Norseman sculpture L'Anse aux Meadows

The Visitors Center and the movie that they show, provides you with a full explanation of how the site was found and how the Norse presence was verified. It also explains why this became a UNESCO World Heritage Site. It is not because the Norse ‘discovered’ America here. It is because their arrival closed the circle on human migration around the earth. We all started out in Africa and spread across Asia and then over land and sea to Australia and the Americas. But until the Norse arrived from Europe no one had crossed the Atlantic to arrive in the Western Hemisphere and when they did we had literally spread all the way around the world, completing the circle. If a bunch of Eskimos from Labrador had sailed east and built a settlement in Ireland, it would be the UNESCO site instead.

The Norse were pretty amazing seaman. They traveled in open boats and navigated by landmarks so they had to stay within sight land as much as possible.

Norse boat model

Current thinking is that they picked L’Anse aux Meadows because it was so easy to give directions for people to find the place. From here they explored southward to New Brunswick where there are wild grapes and hence it is probably New Brunswick which is Vinland in the Sagas.

The view from the Visitor Center out across the site is pretty marvelous. Those two islands out in the strait made finding L’Anse aux Meadows much easier. Off in the distance along the horizon you can see the coast of Labrador. The Norse followed the coast of Greenland to Baffin Island and then went down the Labrador Coast until they saw these two islands and presto they were in Newfoundland.

L'Anse aux Meadows panorama

Out on the horizon if you look carefully you’ll see 4 white blobs. Icebergs! And in this case a fishing boat too.

2 icebergs and fishing boat

Having explored the displays and watched the movie, we headed out down the stairs to explore the site. And of course there were Bunchberries (Cornus canadensis) growing along the trail. In case you haven’t noticed, I’ve been posting photos of Bunchberries that I’ve seen in every missive since June 4th. By this point, I’ve made a game of it. I love bunchberries but this is getting hysterical! They are considered a late spring flower and here they are in the heart of summer.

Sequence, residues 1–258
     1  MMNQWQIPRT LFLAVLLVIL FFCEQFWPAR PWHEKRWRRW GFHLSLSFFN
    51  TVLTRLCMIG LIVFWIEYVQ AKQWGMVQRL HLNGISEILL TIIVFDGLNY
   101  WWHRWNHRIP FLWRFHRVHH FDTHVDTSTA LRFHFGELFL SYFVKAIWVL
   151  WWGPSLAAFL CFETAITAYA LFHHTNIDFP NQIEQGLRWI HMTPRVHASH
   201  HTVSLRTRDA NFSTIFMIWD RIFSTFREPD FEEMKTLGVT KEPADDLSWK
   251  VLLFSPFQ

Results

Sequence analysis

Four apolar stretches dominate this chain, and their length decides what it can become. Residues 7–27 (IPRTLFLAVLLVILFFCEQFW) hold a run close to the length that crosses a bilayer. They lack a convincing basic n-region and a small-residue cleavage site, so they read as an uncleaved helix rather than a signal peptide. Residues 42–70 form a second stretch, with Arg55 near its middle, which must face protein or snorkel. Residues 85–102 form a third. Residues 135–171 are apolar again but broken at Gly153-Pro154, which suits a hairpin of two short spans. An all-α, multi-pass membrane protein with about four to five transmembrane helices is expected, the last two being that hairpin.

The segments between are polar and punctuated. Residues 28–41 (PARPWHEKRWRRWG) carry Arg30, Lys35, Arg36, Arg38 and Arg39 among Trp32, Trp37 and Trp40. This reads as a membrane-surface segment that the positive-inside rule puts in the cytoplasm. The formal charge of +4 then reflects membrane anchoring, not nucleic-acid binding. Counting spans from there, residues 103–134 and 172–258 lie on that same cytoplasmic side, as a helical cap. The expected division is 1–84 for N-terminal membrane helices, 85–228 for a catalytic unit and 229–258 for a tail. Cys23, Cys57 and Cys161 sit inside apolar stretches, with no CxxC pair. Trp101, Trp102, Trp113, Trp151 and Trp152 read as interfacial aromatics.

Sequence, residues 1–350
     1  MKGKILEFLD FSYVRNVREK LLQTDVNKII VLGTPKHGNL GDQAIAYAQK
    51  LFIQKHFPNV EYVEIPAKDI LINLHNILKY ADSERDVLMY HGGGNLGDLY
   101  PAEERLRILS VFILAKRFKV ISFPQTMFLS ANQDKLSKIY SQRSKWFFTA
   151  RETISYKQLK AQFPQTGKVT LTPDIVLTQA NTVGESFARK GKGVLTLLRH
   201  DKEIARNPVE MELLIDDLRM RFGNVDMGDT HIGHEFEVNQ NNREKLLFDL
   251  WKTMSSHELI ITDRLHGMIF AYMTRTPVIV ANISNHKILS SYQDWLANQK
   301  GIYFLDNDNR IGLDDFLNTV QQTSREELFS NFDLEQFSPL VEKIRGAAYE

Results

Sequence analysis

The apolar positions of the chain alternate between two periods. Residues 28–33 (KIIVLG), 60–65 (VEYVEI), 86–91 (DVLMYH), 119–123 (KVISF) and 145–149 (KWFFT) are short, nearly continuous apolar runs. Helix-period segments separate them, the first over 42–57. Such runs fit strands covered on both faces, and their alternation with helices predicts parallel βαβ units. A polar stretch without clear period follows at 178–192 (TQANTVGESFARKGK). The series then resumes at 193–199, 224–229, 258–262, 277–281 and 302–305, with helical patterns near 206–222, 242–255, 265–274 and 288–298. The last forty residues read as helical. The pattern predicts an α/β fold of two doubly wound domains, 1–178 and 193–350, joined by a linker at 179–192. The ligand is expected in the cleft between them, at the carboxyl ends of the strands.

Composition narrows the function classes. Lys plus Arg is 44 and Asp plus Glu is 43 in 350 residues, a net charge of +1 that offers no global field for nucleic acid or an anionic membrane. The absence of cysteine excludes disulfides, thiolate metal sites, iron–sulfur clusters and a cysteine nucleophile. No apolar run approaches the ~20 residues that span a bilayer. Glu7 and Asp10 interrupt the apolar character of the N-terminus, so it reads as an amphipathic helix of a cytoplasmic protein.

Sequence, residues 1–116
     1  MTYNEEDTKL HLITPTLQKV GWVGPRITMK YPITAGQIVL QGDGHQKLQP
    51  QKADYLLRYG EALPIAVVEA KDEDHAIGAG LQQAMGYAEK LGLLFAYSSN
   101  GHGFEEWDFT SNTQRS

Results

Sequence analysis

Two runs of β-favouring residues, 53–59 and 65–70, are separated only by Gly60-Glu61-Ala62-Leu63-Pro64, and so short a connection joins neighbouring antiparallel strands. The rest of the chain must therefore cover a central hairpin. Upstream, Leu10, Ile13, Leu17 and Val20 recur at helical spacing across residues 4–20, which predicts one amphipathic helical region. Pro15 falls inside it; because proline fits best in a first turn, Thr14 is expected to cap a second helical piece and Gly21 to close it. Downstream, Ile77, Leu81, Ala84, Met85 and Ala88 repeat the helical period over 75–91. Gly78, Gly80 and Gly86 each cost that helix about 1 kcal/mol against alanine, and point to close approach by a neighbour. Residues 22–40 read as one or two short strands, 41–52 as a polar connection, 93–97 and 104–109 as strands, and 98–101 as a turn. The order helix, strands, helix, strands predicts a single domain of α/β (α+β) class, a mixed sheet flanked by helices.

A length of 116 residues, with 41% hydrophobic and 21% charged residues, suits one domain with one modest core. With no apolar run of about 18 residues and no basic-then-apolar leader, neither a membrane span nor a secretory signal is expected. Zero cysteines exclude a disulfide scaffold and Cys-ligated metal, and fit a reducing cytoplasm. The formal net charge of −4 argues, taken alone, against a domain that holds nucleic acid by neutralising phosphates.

Bunchberries (Cornus canadensis)

Along the path there is a nice sculpture by Luben Boykov, an immigrant to Newfoundland, in collaboration with Swedish sculptor Richard Brixtel to interpret the meeting of two cultures and worlds. It’s called Meeting of Two Worlds.

Meeting of Two Worlds and walter cooke

We followed the boardwalk down into the meadow and came to this lovely stream—fresh water for the settlement.

L'Anse aux Meadows creek

There were what a sign called ‘Dwarf Coastal Irises’ (Iris hookeri, I think) growing nearby.   

Dwarf Coastal Irises (Iris hookeri)

And Beach Pea (Lathyrus japonicus var. maritimus) too.

Beach Pea (Lathyrus japonicus var. maritimus)

There were bunchberries that had begun to set their fruit but hadn’t lost their petals—odd.

Bunchberry with berries and petals

Down near the original site of the settlement they have built several historically correct reconstructions of the original sod houses and outbuildings that the Norse built here. There’s a chieftain's house made of sod bricks.

Sod house L'Anse aux Meadows

Inside there are re-enactors doing wood carving and weaving and answering people’s questions. But not a hobbit in sight.   

Inside sod house L'Anse aux Meadows

Outside they were posing for visitors photos too.

Norse re enactor L'Anse aux Meadows

It’s a tough job playing Norse dress-up all summer!

We wandered back through the meadows, past the original digs that consist of grass-covered foundations of the original sod houses. It appears that the Norse burnt their houses down when they abandoned the settlement about 10 years after it was built in around 1000 AD.

Current thinking is that the reason they gave up here was that other easier trading routes opened up and this outpost just wasn’t paying off well enough.